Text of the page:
Triple-negative breast cancer (TNBC) is a less common type of breast cancer in which hormones are not responsible for the growth of the cancer cells and the breast cancer is not over-producing HER2 protein. The more common types of breast cancer are associated with one of the following types of receptors:
- Estrogen (ER) and progesterone (PR), female hormones
- HER2, a gene that can play a role in the development of breast cancer
Research has recently proven that TNBC is not a single disease, but rather a group of diseases. Each subtype of TNBC has its own unique makeup that may suggest different therapies are needed for each type. This can make treatment more complex.
Roughly 10 to 15% of breast cancer patients will be diagnosed with triple-negative breast cancer. Younger women (under age 50), and women of both African American and Hispanic descent are typically affected the most. Triple-negative breast cancer may also be associated with having an inherited mutation in the BRCA genes. BRCA1 mutation carriers are more likely to have estrogen receptor negative (ER-), progesterone receptor–negative (PR-), and HER2 receptor-negative (HER2-) breast cancer.
Triple-Negative Breast Cancer Treatment Options
Triple-negative breast cancer is more aggressive than other types of breast cancer because it is more likely to reoccur in other organs such as the bone, liver, lung, and brain. Because TNBC lacks hormone receptors and HER2, hormone therapy (i.e. aromatase inhibitors and Tamoxifen) and targeted therapy, such as Herceptin, are not effective.
While this reduces the number of options for triple-negative breast cancer treatment, it shouldn’t discourage you. Fortunately, triple-negative breast cancer can be treated with a variety of different chemotherapy combinations. Depending on the stage of the cancer, many breast cancer patients, including triple-negative patients, will go through a multimodality treatment plan consisting of chemotherapy, radiation, and surgery. Triple-negative breast cancer, in particular, responds well to chemotherapies such as anthracyclines (Adriamycin), alkylating agents (Cytoxan), and taxanes (Taxol or Taxotere).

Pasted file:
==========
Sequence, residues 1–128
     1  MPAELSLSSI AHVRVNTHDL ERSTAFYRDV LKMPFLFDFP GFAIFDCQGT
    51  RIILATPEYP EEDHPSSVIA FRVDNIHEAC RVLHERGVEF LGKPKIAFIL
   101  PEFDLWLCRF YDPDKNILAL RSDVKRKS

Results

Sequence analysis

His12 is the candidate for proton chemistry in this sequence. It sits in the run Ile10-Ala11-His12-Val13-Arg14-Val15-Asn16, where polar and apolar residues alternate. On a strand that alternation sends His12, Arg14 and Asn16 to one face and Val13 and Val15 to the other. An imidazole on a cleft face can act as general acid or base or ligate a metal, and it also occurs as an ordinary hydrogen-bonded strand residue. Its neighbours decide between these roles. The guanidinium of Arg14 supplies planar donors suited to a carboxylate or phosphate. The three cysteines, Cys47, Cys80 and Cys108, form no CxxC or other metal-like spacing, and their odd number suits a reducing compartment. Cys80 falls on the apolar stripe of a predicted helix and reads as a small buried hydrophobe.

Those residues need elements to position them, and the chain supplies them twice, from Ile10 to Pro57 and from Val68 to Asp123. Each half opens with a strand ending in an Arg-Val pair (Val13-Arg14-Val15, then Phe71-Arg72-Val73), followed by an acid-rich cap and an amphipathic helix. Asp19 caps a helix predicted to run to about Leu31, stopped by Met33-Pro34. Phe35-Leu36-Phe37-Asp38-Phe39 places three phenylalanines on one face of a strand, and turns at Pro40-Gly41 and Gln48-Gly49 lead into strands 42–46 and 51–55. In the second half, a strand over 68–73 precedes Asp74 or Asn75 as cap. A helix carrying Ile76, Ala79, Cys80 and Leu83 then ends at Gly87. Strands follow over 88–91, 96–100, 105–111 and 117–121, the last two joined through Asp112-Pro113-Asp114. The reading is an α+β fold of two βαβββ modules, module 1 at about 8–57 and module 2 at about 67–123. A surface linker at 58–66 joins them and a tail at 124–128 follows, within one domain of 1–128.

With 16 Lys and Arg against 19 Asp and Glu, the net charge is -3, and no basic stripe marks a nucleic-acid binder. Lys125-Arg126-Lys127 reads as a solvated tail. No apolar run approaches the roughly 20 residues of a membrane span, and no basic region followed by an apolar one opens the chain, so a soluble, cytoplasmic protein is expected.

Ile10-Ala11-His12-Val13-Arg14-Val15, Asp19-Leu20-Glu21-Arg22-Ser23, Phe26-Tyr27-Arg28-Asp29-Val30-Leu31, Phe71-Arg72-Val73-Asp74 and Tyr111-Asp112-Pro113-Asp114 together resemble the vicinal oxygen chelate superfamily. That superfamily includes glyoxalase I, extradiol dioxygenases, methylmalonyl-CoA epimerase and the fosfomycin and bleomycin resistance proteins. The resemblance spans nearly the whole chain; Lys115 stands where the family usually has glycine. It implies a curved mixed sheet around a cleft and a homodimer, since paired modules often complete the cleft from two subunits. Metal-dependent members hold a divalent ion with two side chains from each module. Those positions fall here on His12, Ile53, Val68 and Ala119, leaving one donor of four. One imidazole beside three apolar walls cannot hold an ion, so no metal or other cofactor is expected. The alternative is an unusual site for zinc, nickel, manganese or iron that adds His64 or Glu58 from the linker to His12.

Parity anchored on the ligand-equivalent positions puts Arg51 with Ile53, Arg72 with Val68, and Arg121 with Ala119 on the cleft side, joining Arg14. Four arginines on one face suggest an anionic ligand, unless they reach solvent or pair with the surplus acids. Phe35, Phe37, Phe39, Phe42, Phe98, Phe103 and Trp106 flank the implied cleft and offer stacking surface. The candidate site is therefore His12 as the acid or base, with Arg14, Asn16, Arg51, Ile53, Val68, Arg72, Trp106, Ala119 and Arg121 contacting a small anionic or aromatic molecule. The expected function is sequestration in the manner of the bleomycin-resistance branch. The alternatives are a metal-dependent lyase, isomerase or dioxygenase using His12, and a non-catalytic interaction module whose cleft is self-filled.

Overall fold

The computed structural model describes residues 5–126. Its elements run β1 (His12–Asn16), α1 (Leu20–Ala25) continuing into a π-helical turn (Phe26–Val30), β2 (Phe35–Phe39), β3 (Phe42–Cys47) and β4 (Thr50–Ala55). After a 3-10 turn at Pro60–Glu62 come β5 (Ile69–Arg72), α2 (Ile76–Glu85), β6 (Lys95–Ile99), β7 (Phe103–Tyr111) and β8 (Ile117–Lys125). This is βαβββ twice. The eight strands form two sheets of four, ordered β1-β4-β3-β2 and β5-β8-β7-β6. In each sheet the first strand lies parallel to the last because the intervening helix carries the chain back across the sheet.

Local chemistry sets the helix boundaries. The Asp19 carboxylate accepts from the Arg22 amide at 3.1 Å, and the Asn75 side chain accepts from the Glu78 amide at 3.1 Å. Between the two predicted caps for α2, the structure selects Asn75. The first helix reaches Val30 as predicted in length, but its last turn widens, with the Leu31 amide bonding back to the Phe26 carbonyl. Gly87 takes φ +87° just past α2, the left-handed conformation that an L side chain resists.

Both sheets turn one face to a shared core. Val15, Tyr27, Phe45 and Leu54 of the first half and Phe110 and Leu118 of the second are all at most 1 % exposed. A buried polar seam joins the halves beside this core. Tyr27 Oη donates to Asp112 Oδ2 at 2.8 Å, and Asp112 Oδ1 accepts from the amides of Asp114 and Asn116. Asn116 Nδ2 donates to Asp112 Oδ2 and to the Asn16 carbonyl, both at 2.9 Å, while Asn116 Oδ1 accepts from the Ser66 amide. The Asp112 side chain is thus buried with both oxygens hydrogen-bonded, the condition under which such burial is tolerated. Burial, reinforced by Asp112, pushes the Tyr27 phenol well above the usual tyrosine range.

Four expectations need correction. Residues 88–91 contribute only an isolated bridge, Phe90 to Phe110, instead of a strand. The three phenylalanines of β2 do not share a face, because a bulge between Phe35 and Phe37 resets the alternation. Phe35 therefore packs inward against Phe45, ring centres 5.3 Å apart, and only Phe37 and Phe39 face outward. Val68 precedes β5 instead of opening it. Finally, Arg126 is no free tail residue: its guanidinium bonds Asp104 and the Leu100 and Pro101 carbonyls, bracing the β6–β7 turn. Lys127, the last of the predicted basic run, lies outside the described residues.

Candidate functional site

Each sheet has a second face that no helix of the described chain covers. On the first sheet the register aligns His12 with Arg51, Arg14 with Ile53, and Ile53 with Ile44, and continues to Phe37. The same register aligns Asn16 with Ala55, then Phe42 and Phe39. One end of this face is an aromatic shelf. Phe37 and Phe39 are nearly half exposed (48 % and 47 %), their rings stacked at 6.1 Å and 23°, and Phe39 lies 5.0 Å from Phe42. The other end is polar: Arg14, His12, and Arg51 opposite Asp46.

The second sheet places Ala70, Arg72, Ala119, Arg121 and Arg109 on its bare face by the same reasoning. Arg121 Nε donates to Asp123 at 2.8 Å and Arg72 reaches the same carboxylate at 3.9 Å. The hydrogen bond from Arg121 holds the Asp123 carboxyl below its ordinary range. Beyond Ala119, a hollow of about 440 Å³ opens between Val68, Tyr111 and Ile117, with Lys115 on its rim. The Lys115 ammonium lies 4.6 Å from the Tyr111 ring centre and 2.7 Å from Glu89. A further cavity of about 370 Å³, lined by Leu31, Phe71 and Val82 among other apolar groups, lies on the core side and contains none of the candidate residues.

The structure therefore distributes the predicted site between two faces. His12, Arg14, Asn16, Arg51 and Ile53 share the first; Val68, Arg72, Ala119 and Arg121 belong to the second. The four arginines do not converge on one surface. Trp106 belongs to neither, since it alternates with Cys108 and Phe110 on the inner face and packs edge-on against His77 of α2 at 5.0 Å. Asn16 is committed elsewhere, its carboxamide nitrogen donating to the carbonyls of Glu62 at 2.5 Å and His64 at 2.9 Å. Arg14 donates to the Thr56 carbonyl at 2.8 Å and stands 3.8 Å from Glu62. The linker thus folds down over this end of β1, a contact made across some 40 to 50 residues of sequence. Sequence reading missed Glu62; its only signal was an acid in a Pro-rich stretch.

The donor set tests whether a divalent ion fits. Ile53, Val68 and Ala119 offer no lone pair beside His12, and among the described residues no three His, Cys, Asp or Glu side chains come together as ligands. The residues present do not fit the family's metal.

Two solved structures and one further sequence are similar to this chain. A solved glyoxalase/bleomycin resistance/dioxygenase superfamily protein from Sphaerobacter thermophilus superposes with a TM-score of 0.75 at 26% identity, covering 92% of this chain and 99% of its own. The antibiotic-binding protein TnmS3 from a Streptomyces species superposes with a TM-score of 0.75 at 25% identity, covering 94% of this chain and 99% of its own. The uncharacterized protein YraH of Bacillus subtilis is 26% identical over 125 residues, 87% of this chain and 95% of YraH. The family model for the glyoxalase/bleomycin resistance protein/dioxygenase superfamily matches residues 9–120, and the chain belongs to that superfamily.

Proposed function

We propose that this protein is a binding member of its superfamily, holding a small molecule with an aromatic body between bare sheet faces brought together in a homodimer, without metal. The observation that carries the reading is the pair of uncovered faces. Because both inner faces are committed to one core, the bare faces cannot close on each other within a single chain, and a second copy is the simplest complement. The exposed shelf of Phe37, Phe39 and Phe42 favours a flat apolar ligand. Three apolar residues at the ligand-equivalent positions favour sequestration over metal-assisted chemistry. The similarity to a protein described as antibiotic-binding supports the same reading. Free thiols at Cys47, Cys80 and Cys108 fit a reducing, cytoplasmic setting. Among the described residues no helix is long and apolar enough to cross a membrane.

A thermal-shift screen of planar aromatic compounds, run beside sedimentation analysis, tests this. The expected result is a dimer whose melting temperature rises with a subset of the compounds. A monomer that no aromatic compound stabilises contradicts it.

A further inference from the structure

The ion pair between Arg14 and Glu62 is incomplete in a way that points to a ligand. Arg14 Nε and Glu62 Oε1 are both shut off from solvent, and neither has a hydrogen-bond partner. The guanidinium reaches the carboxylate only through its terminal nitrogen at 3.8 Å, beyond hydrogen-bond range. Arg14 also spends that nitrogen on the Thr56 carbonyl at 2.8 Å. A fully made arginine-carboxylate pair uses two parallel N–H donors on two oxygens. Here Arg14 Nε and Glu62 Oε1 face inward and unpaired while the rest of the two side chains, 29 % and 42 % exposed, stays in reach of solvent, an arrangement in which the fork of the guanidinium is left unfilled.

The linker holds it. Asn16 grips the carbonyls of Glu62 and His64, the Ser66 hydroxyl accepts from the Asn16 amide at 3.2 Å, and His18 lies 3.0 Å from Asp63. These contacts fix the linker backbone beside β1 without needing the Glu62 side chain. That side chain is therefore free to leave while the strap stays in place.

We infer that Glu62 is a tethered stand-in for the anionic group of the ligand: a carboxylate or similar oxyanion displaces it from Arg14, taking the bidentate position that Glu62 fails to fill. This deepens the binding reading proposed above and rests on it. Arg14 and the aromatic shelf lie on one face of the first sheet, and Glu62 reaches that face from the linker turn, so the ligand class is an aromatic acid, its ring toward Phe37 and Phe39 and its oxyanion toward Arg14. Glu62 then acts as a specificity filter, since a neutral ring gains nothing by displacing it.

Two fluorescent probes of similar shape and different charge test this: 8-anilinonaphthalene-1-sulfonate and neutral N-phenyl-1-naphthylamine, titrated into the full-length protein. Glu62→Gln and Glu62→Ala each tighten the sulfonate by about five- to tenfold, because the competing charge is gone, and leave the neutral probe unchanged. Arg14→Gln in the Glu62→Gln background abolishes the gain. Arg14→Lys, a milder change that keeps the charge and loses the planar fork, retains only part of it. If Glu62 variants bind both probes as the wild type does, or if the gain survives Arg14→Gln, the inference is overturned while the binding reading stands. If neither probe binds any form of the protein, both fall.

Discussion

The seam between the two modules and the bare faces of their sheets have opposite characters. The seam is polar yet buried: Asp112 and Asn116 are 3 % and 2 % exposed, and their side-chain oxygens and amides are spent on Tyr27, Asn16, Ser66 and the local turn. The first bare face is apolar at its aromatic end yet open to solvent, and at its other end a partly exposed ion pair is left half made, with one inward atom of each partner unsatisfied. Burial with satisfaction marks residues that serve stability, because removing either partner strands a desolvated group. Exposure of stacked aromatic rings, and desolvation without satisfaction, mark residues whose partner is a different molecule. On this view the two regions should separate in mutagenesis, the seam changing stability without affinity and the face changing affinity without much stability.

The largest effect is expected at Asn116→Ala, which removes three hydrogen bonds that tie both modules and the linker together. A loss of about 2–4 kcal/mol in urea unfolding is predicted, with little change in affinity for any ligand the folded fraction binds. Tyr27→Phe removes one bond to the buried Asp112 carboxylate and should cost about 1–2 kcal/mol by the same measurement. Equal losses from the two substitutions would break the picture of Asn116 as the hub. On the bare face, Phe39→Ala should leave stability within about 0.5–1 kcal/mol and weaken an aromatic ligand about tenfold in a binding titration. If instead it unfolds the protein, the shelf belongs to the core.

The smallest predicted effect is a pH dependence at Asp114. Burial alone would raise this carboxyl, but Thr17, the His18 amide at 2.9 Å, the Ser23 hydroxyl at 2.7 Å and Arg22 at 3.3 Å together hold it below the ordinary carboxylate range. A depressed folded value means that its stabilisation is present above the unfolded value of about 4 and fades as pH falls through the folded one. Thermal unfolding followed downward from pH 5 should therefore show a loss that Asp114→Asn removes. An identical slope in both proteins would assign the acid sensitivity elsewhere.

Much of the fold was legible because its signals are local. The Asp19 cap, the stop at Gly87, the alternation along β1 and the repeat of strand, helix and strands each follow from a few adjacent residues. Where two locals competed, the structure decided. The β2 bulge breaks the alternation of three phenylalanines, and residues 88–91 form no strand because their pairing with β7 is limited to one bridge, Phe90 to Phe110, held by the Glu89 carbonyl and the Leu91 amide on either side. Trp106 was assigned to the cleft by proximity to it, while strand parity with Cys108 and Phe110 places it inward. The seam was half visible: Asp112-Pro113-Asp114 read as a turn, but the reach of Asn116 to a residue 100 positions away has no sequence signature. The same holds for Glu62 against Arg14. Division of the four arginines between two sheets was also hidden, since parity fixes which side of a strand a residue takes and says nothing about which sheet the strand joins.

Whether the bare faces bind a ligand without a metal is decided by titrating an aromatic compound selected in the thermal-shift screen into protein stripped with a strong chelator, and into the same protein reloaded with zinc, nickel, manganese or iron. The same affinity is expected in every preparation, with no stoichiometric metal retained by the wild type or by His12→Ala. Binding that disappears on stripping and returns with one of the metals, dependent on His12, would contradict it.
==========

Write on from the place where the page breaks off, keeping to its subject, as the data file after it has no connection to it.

Breast cancer doctors are still developing their understanding of triple-negative breast cancer. Clinical trials remain ongoing with promising results in using immunotherapy in combination with chemotherapy to treat triple-negative breast cancer at all stages. Because of this, the treatment options for these patients vary based on the availability of clinical trials and the oncology community’s knowledge on which combination of therapies may be most effective for their patients.
Triple-Negative Breast Cancer Research is Shaping the Future of Treatment
While there is still much to learn about triple-negative breast cancer, there is progress being made. Thanks to ongoing breast cancer research, new therapies have emerged for triple-negative breast cancer in recent years. According to the Breast Cancer Research Foundation, therapies being tested in clinical trials include immunotherapies called immune checkpoint inhibitors, drugs that target the androgen receptor, DNA damaging agents such as platinum drugs, drugs that block DNA repair pathways called PARP inhibitors, and combination approaches.
Recently, olaparib (Lynparza), and talazoparib (Talzenna) are PARP inhibitors used to treat advanced breast cancers with germline BRCA mutations. While this treatment does not help all patients with triple-negative breast cancer, it does provide another treatment option for those whose TNBC is associated with a BRCA gene mutation. Cancer treatment clinical trials that use these, as well as other therapies, could play a key role in providing a more specific treatment plan for triple-negative breast cancers.
If you’d like to learn more about triple-negative breast cancer or would like to receive a second opinion about your treatment options for triple-negative breast cancer, contact the experts at Arizona Oncology. Triple-negative breast cancer clinical trials are also available at select Arizona Oncology locations.
For more information on participating in clinical trials, please ask your breast cancer oncologist. Click here to view a complete list of all of the cancer research trials available through Arizona.
If you have a history of various cancers in your family, you may want to consult with the Arizona Oncology genetic counseling team. Genetic testing is available through many of the Arizona Oncology cancer centers throughout Arizona. Visit this page to learn more about genetic testing.